Two Dads or Two Moms: Gay and Lesbian Parents

September 30, 2015

Gay and lesbian parents have increased exponentially as more and more homosexual individuals and couples are choosing to have children. According to Gates, et al, in 2007 more than 1 in 3 lesbians have adopted or given birth to a child while 1 in 6 gay men have fathered or adopted a child. At the same time gay and lesbian parents were raising 4% of all adopted children and 3% of foster children. These percentages do not even count the number of gay and lesbian parents who are raising their biological children. In the last 11 years there has been an increase in the number of openly gay and lesbian couples who have children. Regardless if the children were from a previous relationship, adoption, foster care, donor insemination, or surrogacy, more and more children are being raised by gay and lesbian parents.

Historically, society has held many stereotypes of gays and lesbians and the effect their parenting would have on their children. Many of the stereotypes came out of the prejudices of many, including judges, legislators, professionals and the public (Patterson, 2005).

The most common prejudices against gay and lesbian parents are:

  • The belief that gays and lesbians are mentally ill.
  • That gay and lesbians are not fit parents.
  • Gay and Lesbian parents will negatively affect their children’s sexual identity, gender identity, gender-role, and sexual orientation.

The social sciences have seen a marked Gay and Lesbian Parentsincrease in methodologically sound research into gay and lesbian parents and their effects on their children. In 1974 the American Psychiatric Association removed “Homosexuality” from their diagnostic manual. This removal of the diagnosis of homosexuality as a mental disorder was based on research which did not support greater levels of psychopathology in gays and lesbians than in the general heterosexual population. In 1975, the American Psychological Association also came out with a position paper dispelling the myth that homosexuals by definition had a mental disorder. Patterson (2005) summarized a number of studies by stating, “There is no reliable evidence that homosexual orientation per se impairs psychological functioning, although the social and other circumstances in which lesbian and gay men live, including exposure to widespread prejudice and discrimination, often cause acute distress (p.7).”

Patterson (2005), in her review for the American Psychological Association entitled, “Lesbian & Gay Parenting” reviewed multiple studies which showed that Lesbians did not differ in their overall mental health or approach to child rearing from heterosexual women. Both gay and lesbian parents tend to divide the parent responsibilities evenly between the two parents. Johnson & O’Connor in 2002 studied homosexual parenting and found that gay and lesbian parents were more likely than heterosexual parents to use positive discipline techniques such as reasoning with a child rather than physical punishment.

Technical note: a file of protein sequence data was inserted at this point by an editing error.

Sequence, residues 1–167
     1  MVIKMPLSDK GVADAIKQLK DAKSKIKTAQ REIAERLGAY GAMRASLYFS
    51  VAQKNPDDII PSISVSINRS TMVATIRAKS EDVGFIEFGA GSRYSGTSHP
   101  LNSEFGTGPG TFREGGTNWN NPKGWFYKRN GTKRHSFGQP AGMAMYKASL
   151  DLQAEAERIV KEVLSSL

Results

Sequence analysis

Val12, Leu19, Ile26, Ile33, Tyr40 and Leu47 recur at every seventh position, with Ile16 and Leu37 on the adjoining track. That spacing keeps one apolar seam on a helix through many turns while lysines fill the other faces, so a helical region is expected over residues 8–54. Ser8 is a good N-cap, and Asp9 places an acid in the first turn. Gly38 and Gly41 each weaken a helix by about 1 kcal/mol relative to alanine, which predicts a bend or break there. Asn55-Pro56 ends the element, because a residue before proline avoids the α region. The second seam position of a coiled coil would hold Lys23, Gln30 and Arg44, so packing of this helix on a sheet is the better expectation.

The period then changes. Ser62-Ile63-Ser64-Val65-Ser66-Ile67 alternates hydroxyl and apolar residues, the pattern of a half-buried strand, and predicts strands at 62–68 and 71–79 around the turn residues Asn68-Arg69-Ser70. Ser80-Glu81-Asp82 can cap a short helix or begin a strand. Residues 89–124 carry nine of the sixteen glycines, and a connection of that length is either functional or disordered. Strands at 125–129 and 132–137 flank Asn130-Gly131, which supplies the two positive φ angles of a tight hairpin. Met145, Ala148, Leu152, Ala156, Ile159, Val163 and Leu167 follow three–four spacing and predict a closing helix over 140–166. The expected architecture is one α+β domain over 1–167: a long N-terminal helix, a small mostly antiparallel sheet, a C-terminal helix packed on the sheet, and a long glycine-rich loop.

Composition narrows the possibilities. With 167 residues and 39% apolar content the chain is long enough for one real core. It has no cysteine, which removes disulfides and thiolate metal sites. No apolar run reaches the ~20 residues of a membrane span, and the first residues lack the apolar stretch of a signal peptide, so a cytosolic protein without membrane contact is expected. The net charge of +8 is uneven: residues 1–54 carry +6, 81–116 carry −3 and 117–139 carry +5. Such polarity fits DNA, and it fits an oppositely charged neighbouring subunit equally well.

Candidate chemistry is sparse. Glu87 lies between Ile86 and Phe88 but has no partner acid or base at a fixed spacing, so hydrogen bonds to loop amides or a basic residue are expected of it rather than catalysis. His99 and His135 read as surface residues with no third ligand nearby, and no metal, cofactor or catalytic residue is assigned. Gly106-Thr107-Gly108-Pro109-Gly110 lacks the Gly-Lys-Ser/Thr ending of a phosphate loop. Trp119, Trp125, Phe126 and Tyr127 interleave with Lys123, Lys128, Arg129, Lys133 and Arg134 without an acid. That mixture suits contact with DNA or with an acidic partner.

Since the best interest of the child should always be the number one concern in family law, the psychological research has looked at outcomes of children reared by homosexual parents and compared those children to ones raised with heterosexual parents.

The gender identity refers to a person’s identifying themselves as male or female. Multiple studies have shown that children of homosexual parents have gender identity development along the same developmental course as children of heterosexual parents. The gender-role refers to the child’s activities and behavior that are regarded by the culture as masculine, feminine, or both. Patterson (2005) summarized the research which showed that children of lesbian mothers fell within typical limits for sex roles and that children raised by lesbians had similar toy preferences, activities, interests, and occupational choices as children raised by heterosexual parents. Sexual orientation refers to a person’s choice of sexual partners. The research has shown that the sexual orientation of children raised with homosexual parents does not differ from those raised by heterosexual parents.